The recent Guam Housing and Urban Renewal Authority study on the island’s housing market highlighted what every resident here already knows — that new housing prices and rental rates are very high.
But the study also provides insights on how the housing market on Guam may be particularly stacked against low-income earners.
For instance, the study pointed out that landlords willing to rent to Section 8 clients are limited as most landlords would rather rent their properties to members of the military or tourists renting for the short-term.
Section 8 allows individuals and families who cannot afford rent to have their rent and living expenses subsidized. But even with the assurance of subsidized rental payments, many landlords are hesitant to rent to Section 8 clients.
According to the study, since there are no policies restricting income discrimination in Guam, landlords can lawfully decline to accept Section 8 vouchers.
In addition, Section 8 and other rental assistance clients can’t search for rental units on their own and must work directly with GHURA for a list of landlords that accept vouchers, then wait for openings at those facilities.
“Searching on their own for units often results in months of turn downs because landlords would rather not deal with the complications of renting through the program, especially with the alternative of renting to military households at higher prices,” the study stated.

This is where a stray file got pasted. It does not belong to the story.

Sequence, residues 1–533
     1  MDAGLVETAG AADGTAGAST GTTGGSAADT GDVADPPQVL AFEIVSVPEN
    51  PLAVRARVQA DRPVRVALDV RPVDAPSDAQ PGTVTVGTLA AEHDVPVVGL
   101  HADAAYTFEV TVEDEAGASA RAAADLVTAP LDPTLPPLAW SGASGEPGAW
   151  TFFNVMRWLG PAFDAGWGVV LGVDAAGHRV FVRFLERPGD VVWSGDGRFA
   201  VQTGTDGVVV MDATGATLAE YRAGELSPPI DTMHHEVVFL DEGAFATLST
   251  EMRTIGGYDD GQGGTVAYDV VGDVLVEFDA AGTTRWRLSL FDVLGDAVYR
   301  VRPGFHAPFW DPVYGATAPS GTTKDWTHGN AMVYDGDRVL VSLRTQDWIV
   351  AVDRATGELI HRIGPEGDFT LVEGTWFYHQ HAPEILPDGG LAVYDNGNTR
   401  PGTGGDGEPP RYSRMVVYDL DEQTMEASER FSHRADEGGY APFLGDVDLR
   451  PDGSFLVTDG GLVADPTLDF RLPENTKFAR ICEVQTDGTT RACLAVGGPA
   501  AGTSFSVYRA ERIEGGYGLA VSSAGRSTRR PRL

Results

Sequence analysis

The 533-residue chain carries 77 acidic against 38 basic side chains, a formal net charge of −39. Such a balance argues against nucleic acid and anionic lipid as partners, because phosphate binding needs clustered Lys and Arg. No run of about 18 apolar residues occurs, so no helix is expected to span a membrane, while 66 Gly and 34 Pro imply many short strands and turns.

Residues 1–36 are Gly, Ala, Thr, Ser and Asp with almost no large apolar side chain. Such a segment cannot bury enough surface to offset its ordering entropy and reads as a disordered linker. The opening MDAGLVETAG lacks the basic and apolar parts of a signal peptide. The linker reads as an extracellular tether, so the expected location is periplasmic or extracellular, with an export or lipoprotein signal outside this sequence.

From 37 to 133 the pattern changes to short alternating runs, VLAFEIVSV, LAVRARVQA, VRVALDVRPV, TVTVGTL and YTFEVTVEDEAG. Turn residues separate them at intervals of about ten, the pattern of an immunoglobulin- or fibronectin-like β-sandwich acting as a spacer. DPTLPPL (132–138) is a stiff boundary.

In fact, stakeholders have suggested that one reason for the large number of vacant housing units is that property owners are waiting to renovate their units until more military renters enter the market.
As a result, apartment building upgrades have also been delayed by a number of landlords waiting for the long-anticipated Guam military buildup to begin in earnest.
The poor disabled
The study quotes many of those familiar with the Section 8 program as saying that the fair market rent value being used to assess the amount allotted through rental vouchers is far too low for what is required to rent a unit on Guam.
This limits the use of the program to a very small number of rental units that are more likely to be older and less likely to be able to accommodate individuals with special needs.
According to the study, these units are generally not ADA-compliant and there are not enough available units that can accommodate the disabled such as accessibility for wheelchairs. In addition, older units within the approved funding limitations of the Section 8 program are much more likely to be in disrepair.
“Section 8 has very strict housing and inspection standards for all units to be undertaken annually. Units that are upgraded will look for renters willing to pay more for their unit. Guam has encountered significant challenges in finding units, affordable units, that can pass these strict housing standards established by HUD,” the study noted.
According to the study, the disabled population has a high rate of unemployment and poverty (39%) and of those who are disabled but not in the labor force, 64 percent are living below the poverty level.
Moreover, households with at least one disabled member is a growing subsection of the population.
Based on a housing demand survey, the proportion of households affected by disability grew by about 4 percentage points in the last 10 years.